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The stock market has enjoyed quite a run since Election Day. But even before Donald Trump surprised the world and won the U.S. presidency, stocks were on an epic run that began in March 2009 at the depths of the Great Financial Crisis. The most impressive aspect of this bull market is that it defied the worst economic recovery in the last century and survived eight years of Obama administration policies that were hostile to economic growth and markets.
Rather than building on a solid economic foundation, the bull market benefited from zero interest rates, lower corporate tax payments, wage suppression, and financial engineering in the form of epic levels of debt-funded M&A, stock buybacks, and dividend increases. These factors have little if anything to do with the fundamental financial condition of American corporations.
Eight years later, this leaves the markets (which really means the individual companies comprising it) overvalued and overindebted.
The only important question for investors, however, is not where the market has been but where it is going. The answer to that question lies in whether the serious valuation, growth and debt headwinds facing stocks are more powerful than a set of structural forces that developed over the past two decades that pushed stock prices to extremely high valuation levels today – as high as we've seen in the last one-hundred years.
Here's why we're being inexorably sucked into a bull market right now.
This Bull Market Is Fueled by a Massive Power Imbalance
The most powerful structural force at work is an enormous amount of money pursuing a diminishing number of investment opportunities in U.S. stocks.
There are roughly half as many publicly listed companies trading on U.S. stock exchanges today than 20 years ago. The peak of 7,322 public stocks was reached in 1996; by late 2015, the number dropped to 3,700.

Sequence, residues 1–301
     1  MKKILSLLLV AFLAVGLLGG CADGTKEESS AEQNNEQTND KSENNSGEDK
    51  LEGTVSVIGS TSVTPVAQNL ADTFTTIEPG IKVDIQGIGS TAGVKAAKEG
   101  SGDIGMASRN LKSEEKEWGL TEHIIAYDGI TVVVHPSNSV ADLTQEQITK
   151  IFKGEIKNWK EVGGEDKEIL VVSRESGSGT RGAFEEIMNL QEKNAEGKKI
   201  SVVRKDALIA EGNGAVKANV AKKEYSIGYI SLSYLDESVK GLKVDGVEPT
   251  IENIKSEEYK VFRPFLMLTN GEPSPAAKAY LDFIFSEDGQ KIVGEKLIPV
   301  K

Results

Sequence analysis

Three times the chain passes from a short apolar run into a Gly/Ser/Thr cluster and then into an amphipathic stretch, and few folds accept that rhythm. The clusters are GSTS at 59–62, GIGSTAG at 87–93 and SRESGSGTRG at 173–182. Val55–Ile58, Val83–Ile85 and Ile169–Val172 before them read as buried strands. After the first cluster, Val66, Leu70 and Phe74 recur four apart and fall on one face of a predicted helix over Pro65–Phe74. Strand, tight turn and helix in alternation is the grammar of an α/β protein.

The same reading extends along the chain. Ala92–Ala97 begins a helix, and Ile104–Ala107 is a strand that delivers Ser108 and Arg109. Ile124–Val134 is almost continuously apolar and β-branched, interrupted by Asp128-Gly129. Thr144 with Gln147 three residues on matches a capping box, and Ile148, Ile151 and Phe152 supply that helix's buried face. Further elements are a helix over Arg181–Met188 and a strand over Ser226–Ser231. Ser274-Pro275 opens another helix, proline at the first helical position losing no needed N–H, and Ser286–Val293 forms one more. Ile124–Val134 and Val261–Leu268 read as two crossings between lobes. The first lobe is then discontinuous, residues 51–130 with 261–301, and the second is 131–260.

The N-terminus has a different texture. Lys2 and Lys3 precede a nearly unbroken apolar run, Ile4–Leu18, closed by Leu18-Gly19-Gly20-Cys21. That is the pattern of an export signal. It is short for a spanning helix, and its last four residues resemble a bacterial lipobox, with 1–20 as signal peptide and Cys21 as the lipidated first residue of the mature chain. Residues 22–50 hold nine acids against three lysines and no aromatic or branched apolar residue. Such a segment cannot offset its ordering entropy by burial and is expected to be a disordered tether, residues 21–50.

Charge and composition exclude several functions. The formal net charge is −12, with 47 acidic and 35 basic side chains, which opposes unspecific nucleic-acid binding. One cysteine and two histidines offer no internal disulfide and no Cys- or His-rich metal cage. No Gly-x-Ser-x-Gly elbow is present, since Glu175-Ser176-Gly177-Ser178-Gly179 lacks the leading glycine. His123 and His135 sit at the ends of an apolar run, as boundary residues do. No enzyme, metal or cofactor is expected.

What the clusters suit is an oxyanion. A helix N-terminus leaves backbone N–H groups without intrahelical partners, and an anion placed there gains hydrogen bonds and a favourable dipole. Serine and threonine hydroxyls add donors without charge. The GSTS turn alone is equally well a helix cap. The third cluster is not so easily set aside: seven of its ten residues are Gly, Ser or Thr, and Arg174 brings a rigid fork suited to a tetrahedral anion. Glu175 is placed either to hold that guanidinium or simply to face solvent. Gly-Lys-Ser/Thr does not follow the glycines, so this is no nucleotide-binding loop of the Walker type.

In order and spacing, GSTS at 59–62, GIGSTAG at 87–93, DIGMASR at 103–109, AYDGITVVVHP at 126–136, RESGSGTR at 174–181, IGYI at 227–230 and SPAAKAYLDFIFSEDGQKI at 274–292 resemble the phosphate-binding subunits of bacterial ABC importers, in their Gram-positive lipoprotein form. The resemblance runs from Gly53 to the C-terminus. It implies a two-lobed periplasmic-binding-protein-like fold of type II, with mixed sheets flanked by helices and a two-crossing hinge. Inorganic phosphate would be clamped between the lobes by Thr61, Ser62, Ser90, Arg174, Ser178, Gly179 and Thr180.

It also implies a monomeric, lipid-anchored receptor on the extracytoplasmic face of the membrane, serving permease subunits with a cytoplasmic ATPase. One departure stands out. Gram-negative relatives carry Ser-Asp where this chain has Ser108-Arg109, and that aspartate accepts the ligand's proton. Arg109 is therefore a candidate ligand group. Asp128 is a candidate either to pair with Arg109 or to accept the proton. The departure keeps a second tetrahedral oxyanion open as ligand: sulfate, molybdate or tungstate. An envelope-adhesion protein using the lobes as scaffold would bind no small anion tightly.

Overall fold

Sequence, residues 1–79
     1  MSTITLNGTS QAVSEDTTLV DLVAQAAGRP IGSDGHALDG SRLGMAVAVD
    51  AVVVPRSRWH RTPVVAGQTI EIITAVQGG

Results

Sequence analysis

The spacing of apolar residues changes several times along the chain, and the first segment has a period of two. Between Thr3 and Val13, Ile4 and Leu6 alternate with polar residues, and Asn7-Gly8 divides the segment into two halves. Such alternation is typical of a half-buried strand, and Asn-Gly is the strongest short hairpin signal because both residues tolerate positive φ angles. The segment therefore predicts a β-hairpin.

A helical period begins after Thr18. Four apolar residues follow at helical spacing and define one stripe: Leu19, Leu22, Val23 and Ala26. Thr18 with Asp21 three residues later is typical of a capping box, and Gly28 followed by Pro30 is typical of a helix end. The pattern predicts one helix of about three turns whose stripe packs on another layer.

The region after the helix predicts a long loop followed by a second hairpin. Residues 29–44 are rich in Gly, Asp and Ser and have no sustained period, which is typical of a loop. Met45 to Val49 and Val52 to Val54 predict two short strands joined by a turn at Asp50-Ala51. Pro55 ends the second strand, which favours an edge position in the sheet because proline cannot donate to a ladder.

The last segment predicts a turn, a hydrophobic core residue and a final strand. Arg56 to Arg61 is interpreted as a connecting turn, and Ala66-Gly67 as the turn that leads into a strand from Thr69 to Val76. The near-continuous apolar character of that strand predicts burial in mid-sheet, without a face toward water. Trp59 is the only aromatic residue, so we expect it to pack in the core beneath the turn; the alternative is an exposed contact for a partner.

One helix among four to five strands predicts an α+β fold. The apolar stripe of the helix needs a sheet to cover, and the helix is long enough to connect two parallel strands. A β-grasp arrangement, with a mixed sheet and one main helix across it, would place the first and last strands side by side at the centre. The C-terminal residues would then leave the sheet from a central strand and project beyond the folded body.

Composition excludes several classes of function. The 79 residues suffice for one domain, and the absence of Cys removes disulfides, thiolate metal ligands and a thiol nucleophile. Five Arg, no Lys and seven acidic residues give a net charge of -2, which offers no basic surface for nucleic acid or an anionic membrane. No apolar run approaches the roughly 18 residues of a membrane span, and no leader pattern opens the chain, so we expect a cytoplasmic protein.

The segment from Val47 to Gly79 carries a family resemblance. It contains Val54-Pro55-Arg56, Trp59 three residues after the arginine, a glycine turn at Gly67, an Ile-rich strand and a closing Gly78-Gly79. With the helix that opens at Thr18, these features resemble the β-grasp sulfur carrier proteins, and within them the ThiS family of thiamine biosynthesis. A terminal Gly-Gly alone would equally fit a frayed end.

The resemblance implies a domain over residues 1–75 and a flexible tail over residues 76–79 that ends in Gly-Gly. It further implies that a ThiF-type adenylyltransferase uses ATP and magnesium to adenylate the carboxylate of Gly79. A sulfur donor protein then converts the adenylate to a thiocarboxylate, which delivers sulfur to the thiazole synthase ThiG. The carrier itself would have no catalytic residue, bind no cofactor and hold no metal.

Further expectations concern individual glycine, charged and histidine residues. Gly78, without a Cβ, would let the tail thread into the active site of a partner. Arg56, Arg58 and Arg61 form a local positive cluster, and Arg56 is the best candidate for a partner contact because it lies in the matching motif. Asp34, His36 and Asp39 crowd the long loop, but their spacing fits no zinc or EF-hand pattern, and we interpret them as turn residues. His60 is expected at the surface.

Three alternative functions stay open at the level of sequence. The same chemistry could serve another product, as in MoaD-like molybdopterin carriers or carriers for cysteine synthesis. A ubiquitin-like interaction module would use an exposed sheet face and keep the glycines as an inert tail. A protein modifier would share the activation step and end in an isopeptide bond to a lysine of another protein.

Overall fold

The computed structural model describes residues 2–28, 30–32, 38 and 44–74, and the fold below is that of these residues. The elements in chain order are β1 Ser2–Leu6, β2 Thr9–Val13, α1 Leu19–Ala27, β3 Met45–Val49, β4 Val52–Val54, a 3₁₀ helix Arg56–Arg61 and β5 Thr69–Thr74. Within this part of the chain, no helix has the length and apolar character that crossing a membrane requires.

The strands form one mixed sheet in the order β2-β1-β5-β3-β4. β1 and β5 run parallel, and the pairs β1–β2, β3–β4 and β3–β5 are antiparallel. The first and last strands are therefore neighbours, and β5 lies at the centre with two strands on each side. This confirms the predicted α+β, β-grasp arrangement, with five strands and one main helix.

The primary reason for the decline is massive M&A activity that removed many public companies from the mix; lesser reasons include the cumulative effects of private-equity firms taking over public companies and a steady slowing of IPO activity. Heavier regulation on public companies such as the Sarbanes-Oxley Act passed in the wake of the Enron scandal, which significantly increased the costs of being a public company, also contributed to more companies staying private. All of these factors contributed to serious shrinkage in the number of publicly listed companies over the last 20 years.
While the number of listed companies shrunk, thousands of new ETFs sprung up to take their place. But ETFs do not create new investment opportunities; they merely repackage existing ones. As a result, they magnify the shrinkage of available stocks by funneling more money into the limited number available. Stocks included in the most popular and largest ETFs attract more capital than those excluded from such ETFs without regard to their investment fundamentals. This inflates their values beyond what their fundamentals suggests is justified. This is how you get an o…
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Prominent money manager. Has built top-ranked credit and hedge funds, managed billions for institutional and high-net-worth clients. 29-year career.